Health Hero: Promoting Condom Use Through Creation

Health Hero: Promoting Condom Use Through Creation

Health Hero: Promoting Condom Use Through Creation

B Condoms, the first Black-owned prophylactic company, makes safe sex and education a top priority.

Published May 31, 2013

Just a few years ago, Jason Panda was a lawyer questioning his purpose in life. The Morehouse grad didn’t feel that he was giving back to the community they way that he wanted to. After a heart to heart with his mother about a slew of health issues that affected African-Americans, Panda soon realized that HIV/AIDS work was his calling.

After thinking about how he wanted to enter this field, he kept coming back to the lack of condom marketing for African-Americans. So in the winter of 2010, B Condoms, the first Black-owned condom company, was born. And in two and a half short years, the company is steadily becoming a force to be reckoned with, mixing social responsibility, sexy luxury branding and celebrity flavor. sat down with Panda to talk about his company’s advocacy, why having condom ads specifically geared toward African-Americans is important and heterosexual Black men need to include themselves in the fight against HIV/AIDS.

Why was creating a Black-owned condom company so important to you?

First, it’s funny because Bill Gates has this contest about who can create the best new condom, but it’s not about the condom. It’s about the marketing, especially when it comes to people of color.

And yet, while African-Americans are the ones who are mostly affected by this disease, and yet, when you look at the current condom ads from three major companies, they are mostly of white people. You don’t see the reflection of the Black or the Latino experience at all in these ads. And so for us, to encourage condom use among Black men and women, as a company we wanted to provide our community with something different, something that they could connect with.

Tell me how B Condoms is different than other condom companies?

I’ll start from a manufacturing perspective. In the beginning, we talked to a group of men and women and wanted to know what they liked and didn’t like about the condoms they were currently using. A lot of the men told us that their condoms, especially the XL ones, were way too thick. Meanwhile, the women complained that the lube on the condoms dried them out. So we sought out to make a better condom that was more satisfying. We use a thinner grade of latex, but it is still high end, to maximize pleasure. And we use a high end lubricant. Finally, our condoms are vegan, which means they are not made with any animal products.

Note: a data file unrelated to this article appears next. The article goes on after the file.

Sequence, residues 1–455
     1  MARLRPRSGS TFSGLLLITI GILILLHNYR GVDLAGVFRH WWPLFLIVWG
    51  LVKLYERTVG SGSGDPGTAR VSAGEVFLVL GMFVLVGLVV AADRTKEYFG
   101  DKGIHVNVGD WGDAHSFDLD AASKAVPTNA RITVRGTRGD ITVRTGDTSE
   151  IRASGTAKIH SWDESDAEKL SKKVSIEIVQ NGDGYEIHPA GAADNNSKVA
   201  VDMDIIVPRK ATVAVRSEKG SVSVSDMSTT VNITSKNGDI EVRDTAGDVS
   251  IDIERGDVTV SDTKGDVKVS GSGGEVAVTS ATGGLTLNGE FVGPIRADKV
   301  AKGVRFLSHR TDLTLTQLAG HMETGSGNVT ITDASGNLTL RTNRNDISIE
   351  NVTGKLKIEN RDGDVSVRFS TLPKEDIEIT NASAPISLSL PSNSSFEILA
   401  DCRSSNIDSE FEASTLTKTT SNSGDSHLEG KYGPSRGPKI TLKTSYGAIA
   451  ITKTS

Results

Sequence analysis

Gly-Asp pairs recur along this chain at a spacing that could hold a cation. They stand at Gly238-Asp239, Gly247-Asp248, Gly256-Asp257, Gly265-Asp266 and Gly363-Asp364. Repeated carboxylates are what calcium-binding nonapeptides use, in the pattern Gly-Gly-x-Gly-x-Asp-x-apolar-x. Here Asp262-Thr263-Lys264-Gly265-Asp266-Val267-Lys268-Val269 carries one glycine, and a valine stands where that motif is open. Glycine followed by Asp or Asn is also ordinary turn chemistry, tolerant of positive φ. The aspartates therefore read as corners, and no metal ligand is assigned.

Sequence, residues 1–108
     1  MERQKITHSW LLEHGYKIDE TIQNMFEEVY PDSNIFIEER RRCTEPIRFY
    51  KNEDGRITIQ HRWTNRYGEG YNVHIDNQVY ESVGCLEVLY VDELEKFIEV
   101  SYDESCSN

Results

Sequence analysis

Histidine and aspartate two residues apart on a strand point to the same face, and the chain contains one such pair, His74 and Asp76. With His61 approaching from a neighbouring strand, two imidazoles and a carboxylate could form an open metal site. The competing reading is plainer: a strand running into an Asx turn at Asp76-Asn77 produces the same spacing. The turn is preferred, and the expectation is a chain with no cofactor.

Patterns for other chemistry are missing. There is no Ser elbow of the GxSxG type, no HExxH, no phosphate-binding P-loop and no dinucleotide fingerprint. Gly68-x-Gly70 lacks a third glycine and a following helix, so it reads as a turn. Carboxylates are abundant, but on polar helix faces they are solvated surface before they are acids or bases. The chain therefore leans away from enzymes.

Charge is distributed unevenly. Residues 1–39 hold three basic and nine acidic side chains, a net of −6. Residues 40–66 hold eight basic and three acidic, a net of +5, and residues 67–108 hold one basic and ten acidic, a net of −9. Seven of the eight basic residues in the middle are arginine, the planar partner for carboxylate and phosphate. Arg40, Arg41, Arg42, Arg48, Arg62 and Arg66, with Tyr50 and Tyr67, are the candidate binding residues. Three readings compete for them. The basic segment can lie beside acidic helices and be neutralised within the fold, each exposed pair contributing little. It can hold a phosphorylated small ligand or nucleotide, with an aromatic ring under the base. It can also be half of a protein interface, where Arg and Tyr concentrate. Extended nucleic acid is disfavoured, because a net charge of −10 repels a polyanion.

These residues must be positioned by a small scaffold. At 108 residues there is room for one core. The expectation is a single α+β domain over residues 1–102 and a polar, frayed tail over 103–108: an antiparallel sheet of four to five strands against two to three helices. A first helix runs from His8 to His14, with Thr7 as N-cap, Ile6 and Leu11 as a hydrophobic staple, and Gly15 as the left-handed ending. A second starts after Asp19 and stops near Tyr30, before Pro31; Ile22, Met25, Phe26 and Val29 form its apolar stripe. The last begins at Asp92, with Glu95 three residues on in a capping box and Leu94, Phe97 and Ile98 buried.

From a vision perspective, part of our condom sales goes into partnering with AIDS organizations and educational programs to reduce the STDs and unplanned pregnancies in underserved communities. So whether we are on a HBCU college tour with Kaiser’s Greater Than AIDS campaign; partnering with Jim Jones or Uncle Luke; or working with New York City’s Iris House to encourage straight Black men to get tested, we make sure that we are in the community.

What has the response been thus far?

We’re a small company, so we first started off targeting non-profits, health departments and colleges in order to build our company and be connected to the community. The response from that has just been incredible. From a marketing perspective, the African-American community has also been really positive toward us.

Now, we are trying to connect to a broader population, increase our marketing and distribution. Right now, you can buy B Condoms at Whole Foods in the Northeast, 200 stores in Miami, over 30 in Atlanta and in numerous convenient stores throughout New York City. Over time, we plan on being more visible in more areas throughout the country.

Finally, how important is it for B Condoms to engage heterosexual Black men in the fight against HIV/AIDS?

It’s critical. There’s been such a disconnect and part of that has been because for so long we looked at HIV as being a white gay men’s disease. But now, it’s also about the lack of data and funding that goes into the research around heterosexual Black men.

We spend a lot of time talking about gay/bisexual Black men and Black women, as we should given the numbers and the need, but we continue to ignore straight men. And we shouldn’t, especially since HIV infections among Black women are not all due to the “down-low.” So it’s important for us to be able to connect to straight Black men and have more conversations about black masculinities and their role in protecting the community through condom use.

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(Photo: B Condoms)

Written by Kellee Terrell


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